“Vaccines for everybody, especially for the most vulnerable and needy,” Pope Francis said.
Pope Francis is joining the ranks of high-profile and elderly individuals who’ve gotten the COVID-19 vaccine. The Vatican confirmed that both Pope Francis and former Pope Benedict got their first dose of the COVID vaccine.
“I can confirm that as part of the vaccination program of the Vatican City State, as of today, the first dose of the COVID-19 vaccine has been administered to Pope Francis and to the Pope Emeritus,” said Matteo Bruni, director of the Holy See Press Office, according to Vatican News.
Pope Francis has been advocating the COVID vaccine for months, saying the most vulnerable communities should be a priority for the vaccination. During his Christmas Day sermon in Rome, Pope Francis said the COVID vaccine should be made available to everyone. However, the neediest should come first.
“Vaccines for everybody, especially for the most vulnerable and needy,” Pope Francis said. He went on to say that vaccines are a “light of hope.”
“We can’t let closed nationalisms impede us from living as the true human family that we are,” the Pope said.
As of Jan. 14, The New York Times reports that Italy has 2.3 million cases and 80,326 deaths. Italy began the inoculation process in late December by providing the vaccine to healthcare workers first. Since then, more than half a million people have already received the COVID-19 vaccine, according to Euro News.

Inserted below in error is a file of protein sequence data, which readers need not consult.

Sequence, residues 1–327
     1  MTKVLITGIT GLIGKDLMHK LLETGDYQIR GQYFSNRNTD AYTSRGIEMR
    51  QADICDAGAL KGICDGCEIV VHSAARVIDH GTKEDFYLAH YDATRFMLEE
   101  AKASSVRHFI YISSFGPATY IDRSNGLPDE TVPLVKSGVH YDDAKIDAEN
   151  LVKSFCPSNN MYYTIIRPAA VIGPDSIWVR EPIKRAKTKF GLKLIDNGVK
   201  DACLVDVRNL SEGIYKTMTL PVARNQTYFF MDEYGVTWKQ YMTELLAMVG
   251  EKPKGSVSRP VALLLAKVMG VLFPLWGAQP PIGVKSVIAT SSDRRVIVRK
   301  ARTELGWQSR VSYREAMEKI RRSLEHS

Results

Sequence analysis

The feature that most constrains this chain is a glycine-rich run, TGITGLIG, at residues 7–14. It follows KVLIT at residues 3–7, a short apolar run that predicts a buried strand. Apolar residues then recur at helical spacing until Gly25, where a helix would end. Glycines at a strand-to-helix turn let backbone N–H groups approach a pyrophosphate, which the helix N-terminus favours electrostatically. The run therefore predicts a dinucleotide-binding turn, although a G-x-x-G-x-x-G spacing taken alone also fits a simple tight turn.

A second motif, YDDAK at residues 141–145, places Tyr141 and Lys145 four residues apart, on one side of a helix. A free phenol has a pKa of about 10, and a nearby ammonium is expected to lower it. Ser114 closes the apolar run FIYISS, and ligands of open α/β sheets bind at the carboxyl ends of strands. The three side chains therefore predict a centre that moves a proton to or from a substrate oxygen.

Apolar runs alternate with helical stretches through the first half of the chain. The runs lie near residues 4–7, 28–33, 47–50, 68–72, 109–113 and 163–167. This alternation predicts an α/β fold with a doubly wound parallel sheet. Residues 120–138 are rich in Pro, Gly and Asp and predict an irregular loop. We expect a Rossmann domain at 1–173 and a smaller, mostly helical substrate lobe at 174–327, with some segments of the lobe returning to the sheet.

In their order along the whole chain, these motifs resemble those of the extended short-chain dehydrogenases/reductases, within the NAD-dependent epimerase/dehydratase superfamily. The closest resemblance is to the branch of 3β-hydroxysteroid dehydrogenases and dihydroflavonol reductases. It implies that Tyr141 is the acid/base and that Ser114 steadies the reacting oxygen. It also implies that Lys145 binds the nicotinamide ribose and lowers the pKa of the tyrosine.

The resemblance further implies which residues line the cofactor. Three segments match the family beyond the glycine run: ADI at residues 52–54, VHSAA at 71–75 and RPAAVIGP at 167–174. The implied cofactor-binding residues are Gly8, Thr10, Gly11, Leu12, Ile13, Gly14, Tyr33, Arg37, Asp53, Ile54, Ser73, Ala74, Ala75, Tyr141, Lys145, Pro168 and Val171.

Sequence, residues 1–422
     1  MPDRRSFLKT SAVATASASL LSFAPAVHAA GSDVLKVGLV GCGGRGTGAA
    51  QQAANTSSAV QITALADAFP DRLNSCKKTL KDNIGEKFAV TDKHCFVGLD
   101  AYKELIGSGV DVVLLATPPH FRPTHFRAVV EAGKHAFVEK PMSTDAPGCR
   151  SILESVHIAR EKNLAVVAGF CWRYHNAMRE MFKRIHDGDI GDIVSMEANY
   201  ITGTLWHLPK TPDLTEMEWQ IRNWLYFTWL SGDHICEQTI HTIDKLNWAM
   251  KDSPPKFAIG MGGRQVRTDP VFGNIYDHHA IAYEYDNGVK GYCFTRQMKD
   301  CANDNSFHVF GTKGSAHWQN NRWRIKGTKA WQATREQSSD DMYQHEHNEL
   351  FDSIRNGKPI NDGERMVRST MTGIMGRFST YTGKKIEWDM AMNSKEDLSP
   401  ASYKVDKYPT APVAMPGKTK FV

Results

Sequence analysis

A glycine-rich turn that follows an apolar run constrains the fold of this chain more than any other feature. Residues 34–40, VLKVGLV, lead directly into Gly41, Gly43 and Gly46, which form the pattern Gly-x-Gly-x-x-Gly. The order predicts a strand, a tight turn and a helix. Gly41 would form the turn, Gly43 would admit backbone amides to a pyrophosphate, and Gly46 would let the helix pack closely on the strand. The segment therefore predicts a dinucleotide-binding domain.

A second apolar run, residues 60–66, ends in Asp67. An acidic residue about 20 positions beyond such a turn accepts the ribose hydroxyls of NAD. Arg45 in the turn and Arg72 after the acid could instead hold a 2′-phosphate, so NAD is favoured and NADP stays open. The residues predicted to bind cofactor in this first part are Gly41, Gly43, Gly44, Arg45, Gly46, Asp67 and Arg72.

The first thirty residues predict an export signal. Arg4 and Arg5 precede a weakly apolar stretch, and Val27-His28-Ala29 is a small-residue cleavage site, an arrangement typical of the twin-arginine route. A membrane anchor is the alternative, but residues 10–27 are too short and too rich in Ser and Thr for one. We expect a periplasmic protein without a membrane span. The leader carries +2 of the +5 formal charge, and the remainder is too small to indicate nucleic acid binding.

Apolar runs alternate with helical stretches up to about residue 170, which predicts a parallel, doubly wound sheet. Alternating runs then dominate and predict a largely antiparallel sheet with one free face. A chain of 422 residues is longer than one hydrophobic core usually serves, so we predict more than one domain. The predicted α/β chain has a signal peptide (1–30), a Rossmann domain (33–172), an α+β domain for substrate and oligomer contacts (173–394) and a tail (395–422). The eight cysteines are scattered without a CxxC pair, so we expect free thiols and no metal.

Although the COVID-19 vaccine is here, cases continue to surge worldwide. Health Minister Roberto Speranza said yesterday that Italy would continue their COVID restrictions until April.
“In the past week there has been a generalized worsening of the epidemic, we are back to an expansionary phase,” Speranza told the lower house of parliament, according to Reuters. “With indicators worsening…the government sees it appropriate to extend the state of emergency to April 30.”
During the Dec. 25 service, Pope Francis spoke about the pandemic, how America has been more severely affected by COVID-19, and violence in Latin America.
“At this moment in history, marked by the ecological crisis and grave economic and social imbalances only worsened by the coronavirus pandemic, it is all the more important for us to acknowledge one another as brothers and sisters,” Francis said.
Fraternity and compassion apply to people “even though they do not belong to my family, my ethnic group, or my religion,” he said. Francis prayed that the birth of Jesus would inspire people to be “generous, supportive, and helpful” to those in need, including those struggling with “the economic effects of the pandemic and women who have suffered domestic violence during these months of lockdown.” Noting that the “American continent” was particularly hard-hit by COVID-19, he said that the pandemic compounded suffering, “often aggravated by the consequences of corruption and drug trafficking.” In particular, he cited the suffering of the Venezuelan people.
Watch the full Christmas service below.
The Associated Press contributed to this story.